ErbWire: Greening Markets

Back to Fall 2010,
Thought in Action at the Erb Institute

Lessons learned from Sherwin-Williams and Clorox

Sherwin-Williams and The Clorox Company are featured in two new green marketing case studies created by The Erb Institute and marketed  distributed by the William Davidson Institute.

The Erb Institute Associate Director Andrew Hoffman, Arie Jongejan, Erb ’10, and Michael Buday, Erb ’11, wrote the Sherman-Williams case study with the help of SNRE students Franklin Cater, Sarah Foulkes, Nagapooja Seeba, Om Prakesh and Dan Wilson.

Hoffman, Jongejan, Brian Moss, Erb ’12, Nathan Springer, Erb’ 11, and Jennifer Gough, Ashley Nowygrod and Craig Cammarata from SNRE authored The Clorox Company case study.

READ MORE:   Sherwin Williams and Clorox

Informing Green Markets conference generates lively debate

More than 85 representatives from business, government, nongovernmental organizations, and a dozen universities in the U.S. and Canada participated in the “Informing Green Markets: The Roles of Industry, NGOs and Government” conference held in June at the Ross School.  The Erb Institute sponsored the conference in cooperation with the Corporate Sustainability Initiative at Duke University and The Sustainability Consortium.

Discussions focused on the proliferation of products identified as “green,” what the green label means, the future of green markets and how green marketing might be shaped by government regulations, corporate claims of environmental responsibility, and evaluations by NGOs or other impartial organizations.

The Erb Institute Director Thomas Lyon, who organized the conference, will be in Washington, D.C., mid-September to talk at the Federal Trade Commission and the Environmental Protection Agency and lecture at Georgetown University about eco-labeling.

READ MORE: Informing Green Markets Conference

No “one size fits all” when choosing an NGO partner

In an article in, The Erb Institute Director Thomas Lyon says when a company is looking for a nongovernmental organization partner to help reduce the firm’s environmental footprint, the choice of the best NGO depends on the sector.  Some have more expertise in certain areas than others. The article highlights 10 NGOs.  Lyon writes extensively on the topic in his book Good Cop, Bad Cop: Environmental NGOs and Their Strategies.

READ the article: Green NGOs Businesses Should Know About

Visiting professorship boosts research on policy questions and corporate social responsibility

Jay Shimshack

Jay Shimshack has returned to Tulane University, where he is professor of environmental economics, after wrapping up a year as a visiting professor at The Erb Institute.  Collaborative projects Shimshack worked on while in Ann Arbor included research with The Erb Institute Director Thomas Lyon on corporate environmental behavior and environmental policy and on transparency policy, including bureaucratic discretion in federal environmental law and the impact of environmental information based on Newsweek’s green rankings.

Shimshack also worked with Erb post-doctoral scholar Markus Kitzmueller on an article about economic perspectives on corporate social responsibility.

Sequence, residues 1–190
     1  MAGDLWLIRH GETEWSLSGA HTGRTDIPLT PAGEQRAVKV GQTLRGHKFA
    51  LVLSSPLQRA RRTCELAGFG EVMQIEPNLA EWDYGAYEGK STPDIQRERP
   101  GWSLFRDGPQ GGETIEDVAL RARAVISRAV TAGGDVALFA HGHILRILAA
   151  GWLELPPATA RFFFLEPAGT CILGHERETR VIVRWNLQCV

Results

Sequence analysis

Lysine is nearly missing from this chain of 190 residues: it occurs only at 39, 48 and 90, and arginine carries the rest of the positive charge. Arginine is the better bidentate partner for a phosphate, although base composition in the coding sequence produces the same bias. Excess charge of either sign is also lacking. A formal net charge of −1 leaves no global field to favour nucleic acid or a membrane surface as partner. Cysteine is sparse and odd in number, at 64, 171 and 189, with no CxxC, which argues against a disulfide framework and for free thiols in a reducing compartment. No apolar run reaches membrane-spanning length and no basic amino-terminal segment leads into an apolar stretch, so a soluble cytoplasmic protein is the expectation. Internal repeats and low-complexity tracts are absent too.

READ MORE:   Jay Shimshack—recent visiting scholar

Image vs. substance:  Sustainability in China


Chinese enthusiasm for sustainability at times doesn’t appear to be driven by green values, writes The Erb Institute Director Thomas Lyon in his July 16 blog in Fast  Lyon shares insights from his spring trip to China, where he judged the China Entrepreneur Club’s annual China Green Company competition.

“In evaluating the companies that were up for Green Company awards, I found most of them really are doing exciting new things but, nevertheless, there is an ever-present concern with image — especially maintaining an image that will guarantee a good relationship with governments, at both the local and national levels,” he writes.

The doctrine of growth at all costs within the Chinese government and corporations continues to cause environmental harm, Lyon concludes.

READ MORE: From Confucius to Communism: How the Past is Shaping China’s Green Future

Firms that “greenwash” often have little to lose

Companies that are most likely to engage in “greenwashing”— the term that describes the practice of making false or exaggerated claims of sustainability or environmental friendliness to gain market share — often are the dirtiest, says The Erb Institute Director Thomas Lyon.  A company that already has a bad reputation has little to lose by greenwashing, he notes.

A clean company is less likely to brag, Lyon says, because “if you’re clean and people already think you’re a green company, you don’t need to bother touting it so much —and if touting it puts you at risk of being attacked, just shut up and let people think you’re clean.”

Clean companies with sound environmental management systems are in the best position to benefit from green marketing, he adds.

The Erb Institute External Advisory Board member Gwen Ruta shared her perspective about the sometimes-strained relationships between environmental activists and companies in a recent article in The Economist.  Ruta is director of corporate partnerships for the Environmental Defense Fund.

READ MORE: Business and NGOs: Reaching for a longer spoon (behind The Economist’s paywall)

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